I found this book quite odd and not what I was expecting. I'm interested in debt, and the current crisis which has a lot to do with debt, and I didn't really take too seriously the subtitle about 5000 years. Mr Graeber is not kidding. 5000 years and not a penny less is what you get. From prehistorical times, through the Sumarians, a sojourn on the Euphrates (I'm afraid I didn't take notes), long meanders with African tribes. Some bits were interesting - barter never was more than a fantasy of Adam Smith - human societies have always kept tabs, and virtual money (in the form of mental or written IOUs) was probably the precursor of every money economy. Women may have become chattels only when everything else did. 5% seems to have been considered the fair rate of interest through the ages. Current rates on credit cards would have been considered immoral and usurious at almost any time in history. But what is also odd is Mr Graeber's attitude and take on things. I'm not sure where he is coming from (or what he's on). He doesn't seem to give our modern society any credit for delivering at least some peace and prosperity. He doesn't seem to accept that quite a bit of debt and credit is useful and even necessary to human development. Hmm. More puzzled than satisfied as I finish this book.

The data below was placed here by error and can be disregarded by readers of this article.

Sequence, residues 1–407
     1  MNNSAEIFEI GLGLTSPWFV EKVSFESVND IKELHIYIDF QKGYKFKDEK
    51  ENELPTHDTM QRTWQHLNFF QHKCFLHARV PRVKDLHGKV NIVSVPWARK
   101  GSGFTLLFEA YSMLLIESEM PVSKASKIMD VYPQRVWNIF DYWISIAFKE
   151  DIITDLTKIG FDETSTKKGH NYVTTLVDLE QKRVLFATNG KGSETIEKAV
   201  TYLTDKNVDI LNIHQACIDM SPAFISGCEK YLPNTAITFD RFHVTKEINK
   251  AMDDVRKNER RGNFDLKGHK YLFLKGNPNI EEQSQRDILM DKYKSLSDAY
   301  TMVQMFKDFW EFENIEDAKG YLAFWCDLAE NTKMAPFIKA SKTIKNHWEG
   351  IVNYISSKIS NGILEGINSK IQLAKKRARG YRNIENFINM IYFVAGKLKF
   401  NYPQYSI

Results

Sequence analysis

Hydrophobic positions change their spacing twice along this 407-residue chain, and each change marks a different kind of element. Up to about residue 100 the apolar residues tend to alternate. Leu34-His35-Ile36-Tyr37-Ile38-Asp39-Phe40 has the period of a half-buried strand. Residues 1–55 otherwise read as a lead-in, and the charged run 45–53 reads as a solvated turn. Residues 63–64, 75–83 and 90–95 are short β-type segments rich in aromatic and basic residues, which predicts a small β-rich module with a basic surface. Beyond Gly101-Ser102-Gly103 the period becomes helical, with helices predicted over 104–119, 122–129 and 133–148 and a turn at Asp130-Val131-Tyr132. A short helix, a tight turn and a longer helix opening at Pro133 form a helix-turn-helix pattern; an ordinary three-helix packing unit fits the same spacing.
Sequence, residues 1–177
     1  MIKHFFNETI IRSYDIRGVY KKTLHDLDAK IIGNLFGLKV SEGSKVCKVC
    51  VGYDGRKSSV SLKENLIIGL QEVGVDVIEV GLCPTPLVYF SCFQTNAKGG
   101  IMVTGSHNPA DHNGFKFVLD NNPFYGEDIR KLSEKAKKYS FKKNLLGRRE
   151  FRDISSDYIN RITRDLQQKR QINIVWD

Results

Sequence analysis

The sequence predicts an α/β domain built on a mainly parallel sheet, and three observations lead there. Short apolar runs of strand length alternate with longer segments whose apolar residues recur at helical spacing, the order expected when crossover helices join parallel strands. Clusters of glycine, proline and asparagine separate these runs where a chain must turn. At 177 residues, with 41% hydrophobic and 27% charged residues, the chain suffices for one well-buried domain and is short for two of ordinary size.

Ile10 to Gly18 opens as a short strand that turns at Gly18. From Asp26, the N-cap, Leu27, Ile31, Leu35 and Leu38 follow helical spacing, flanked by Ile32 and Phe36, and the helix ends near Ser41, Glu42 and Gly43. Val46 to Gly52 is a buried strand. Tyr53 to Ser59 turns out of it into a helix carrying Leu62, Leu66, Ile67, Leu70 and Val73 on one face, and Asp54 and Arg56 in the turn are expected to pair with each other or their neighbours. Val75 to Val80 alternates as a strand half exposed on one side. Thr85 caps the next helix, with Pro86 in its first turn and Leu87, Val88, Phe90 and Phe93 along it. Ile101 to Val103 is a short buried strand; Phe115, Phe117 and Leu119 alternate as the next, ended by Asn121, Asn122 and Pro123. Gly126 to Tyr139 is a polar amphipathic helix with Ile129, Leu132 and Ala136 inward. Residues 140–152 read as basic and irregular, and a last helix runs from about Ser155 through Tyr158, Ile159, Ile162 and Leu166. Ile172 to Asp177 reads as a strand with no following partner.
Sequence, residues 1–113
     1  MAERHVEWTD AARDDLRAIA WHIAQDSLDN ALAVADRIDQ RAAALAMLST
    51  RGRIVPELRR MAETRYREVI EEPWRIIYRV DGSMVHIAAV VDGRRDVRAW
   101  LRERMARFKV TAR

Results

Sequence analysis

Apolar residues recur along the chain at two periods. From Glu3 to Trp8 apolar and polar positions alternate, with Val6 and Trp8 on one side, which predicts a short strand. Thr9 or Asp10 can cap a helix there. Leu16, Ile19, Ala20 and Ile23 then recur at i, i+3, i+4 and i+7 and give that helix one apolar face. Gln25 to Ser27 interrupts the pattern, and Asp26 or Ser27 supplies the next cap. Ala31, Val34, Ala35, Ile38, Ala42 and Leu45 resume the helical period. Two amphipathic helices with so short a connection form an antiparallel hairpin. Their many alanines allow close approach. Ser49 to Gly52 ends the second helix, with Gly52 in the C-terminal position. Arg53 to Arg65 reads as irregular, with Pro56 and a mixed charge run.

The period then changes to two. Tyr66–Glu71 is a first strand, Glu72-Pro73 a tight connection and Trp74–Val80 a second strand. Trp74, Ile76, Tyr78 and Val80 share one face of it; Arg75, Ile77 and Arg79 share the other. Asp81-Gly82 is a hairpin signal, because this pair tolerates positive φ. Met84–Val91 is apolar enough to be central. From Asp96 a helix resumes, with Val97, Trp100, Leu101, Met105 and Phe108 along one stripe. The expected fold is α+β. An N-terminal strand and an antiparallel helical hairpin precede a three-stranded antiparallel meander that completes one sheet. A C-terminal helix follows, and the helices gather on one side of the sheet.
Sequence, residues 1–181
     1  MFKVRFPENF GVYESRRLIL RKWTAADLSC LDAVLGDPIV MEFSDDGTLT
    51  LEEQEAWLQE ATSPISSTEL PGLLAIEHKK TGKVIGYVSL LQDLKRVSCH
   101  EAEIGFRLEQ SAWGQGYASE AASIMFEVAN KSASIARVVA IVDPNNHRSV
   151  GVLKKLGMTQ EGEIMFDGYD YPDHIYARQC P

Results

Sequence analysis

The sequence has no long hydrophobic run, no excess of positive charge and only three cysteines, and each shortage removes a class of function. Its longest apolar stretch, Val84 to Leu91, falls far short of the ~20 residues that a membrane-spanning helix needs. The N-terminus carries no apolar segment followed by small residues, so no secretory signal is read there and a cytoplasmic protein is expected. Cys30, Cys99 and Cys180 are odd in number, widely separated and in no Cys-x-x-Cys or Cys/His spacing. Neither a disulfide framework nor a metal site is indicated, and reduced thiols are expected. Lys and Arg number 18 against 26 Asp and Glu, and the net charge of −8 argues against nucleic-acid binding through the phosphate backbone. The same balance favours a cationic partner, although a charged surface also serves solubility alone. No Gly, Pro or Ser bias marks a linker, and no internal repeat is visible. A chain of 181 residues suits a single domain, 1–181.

"Stands Economics on Its Head"
Graeber's "Debt" raises questions about the received wisdom of economics. When did we all become entrapped in debt and financial obligation? Why are the standards of debt different for the wealthy than for the poor? "Debt" does an amazing job of laying bare the inconsistencies and contradictions of our economic system.
Grover Gardner does a great job of conveying the emotional content of an intellectual argument. Proficient reading of non-fiction is about drawing the listener into the argument, which means understanding the argument and following the rhetorical rhythms. Gardner does an amazing job!